In Police Custody:
The police are under strict rules as to how they treat you whilst in police custody: the rules are set our in the Codes of Practice, Code C (Link). Those regulations require the police, for example, to allow you to have someone informed of your arrest and to have regular reviews whilst in police custody. There are some exceptions such as when the arrest is for terrorism offences. A breach of these rules may form the basis of a legitimate complaint.
How and When To Complain:
When In Police Custody:
If you are in police custody your Tucker's solicitor can help raise your complaint when it is 'live'. For example, it maybe that a discussion with the Custody Sergeant about your treatment will quickly resolve matters. Failing that the matter can be escalated 'up the chain' with reference to an Inspector or more senior ranking officer and ultimately with the 'professional standards department' (see below). Should the complaint not be resolved then the complaint can be raised with the Independent Office for Police Conduct (see further below) by way of appeal/review and sometimes it must be referred by the police.
When Not In Police Custody:
The complaint can normally be be raised directly with the police station/police force for the relevant area. Most complaints about the police are dealt with by the relevant police force. Each force has a separate department that oversees complaints. These are called ‘professional standards departments’ (PSDs). If you are not happy with the response of the police you can complain to the Independent Office for Police Conduct.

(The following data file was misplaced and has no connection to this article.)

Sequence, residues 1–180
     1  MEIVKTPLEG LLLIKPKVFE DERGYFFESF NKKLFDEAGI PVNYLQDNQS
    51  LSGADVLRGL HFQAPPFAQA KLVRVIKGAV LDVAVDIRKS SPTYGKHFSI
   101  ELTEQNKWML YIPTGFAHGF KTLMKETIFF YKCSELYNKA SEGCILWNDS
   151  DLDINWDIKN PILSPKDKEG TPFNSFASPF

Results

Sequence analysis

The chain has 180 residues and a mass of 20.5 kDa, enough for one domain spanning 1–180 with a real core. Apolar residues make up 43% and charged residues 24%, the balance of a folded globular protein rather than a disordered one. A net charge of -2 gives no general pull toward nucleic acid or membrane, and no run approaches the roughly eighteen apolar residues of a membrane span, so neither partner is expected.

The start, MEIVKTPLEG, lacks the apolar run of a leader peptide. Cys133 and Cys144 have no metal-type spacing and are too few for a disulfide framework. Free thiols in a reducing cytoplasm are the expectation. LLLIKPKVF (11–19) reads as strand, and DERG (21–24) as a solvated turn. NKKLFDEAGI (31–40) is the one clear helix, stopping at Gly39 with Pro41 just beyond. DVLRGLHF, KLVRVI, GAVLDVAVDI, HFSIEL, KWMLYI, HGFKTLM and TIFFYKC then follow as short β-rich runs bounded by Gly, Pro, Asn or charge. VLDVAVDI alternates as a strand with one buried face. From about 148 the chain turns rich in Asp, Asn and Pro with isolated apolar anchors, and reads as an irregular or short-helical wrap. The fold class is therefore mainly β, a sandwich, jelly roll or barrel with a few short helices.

Independent Office for Police Conduct:
By law police forces must refer certain matters to the IOPC. These include:
certain complaints made to their force – such as those that include an allegation of serious corruption or serious assault
indications that police officers or staff have committed misconduct – for example, any suggestion that a criminal offence has been committed or that a serious injury has been caused
if someone had direct or indirect contact with the police when, or shortly before, they were seriously injured or died. However, forces only need to refer cases where the contact may have caused or contributed to the death or injury.
As mentioned above you can complain directly to the police or via the IOPC. If you complain via the IOPC, your complaint will be sent direct to the police force involved involved. They will assess your complaint and contact you about how it will be handled. The IOPC will not be involved with this initial assessment of your complaint but may become involved as part of any appeal or review if you are unhappy with the outcome of your complaint to the relevant police force.
Apart from the matters referred to above, you can make a complaint if you:
experienced inappropriate behaviour from a police ofﬁcer, staff member, contractor or volunteer. For instance, if you felt they were rude or aggressive to you
witnessed a police officer, staff member, contractor or volunteer acting inappropriately
have been adversely affected by the conduct of a police officer, staff member, contractor or volunteer, even if it did not take place in relation to you
You can also complain about how a police force is run. For example, you can complain about policing standards or policing policy.
There is no time limit for making a complaint. However, if you complain about something that happened more than 12 months ago, you should explain why you didn’t complain sooner.
As can be seen above, there are a number of areas of police practice that could form the basis of legitimate complaint. Of course, a complaint should only be raised where there is a proper basis for making it and our solicitors have raised complaints in the past which have been upheld and have resulted in changes to police practice in Kent.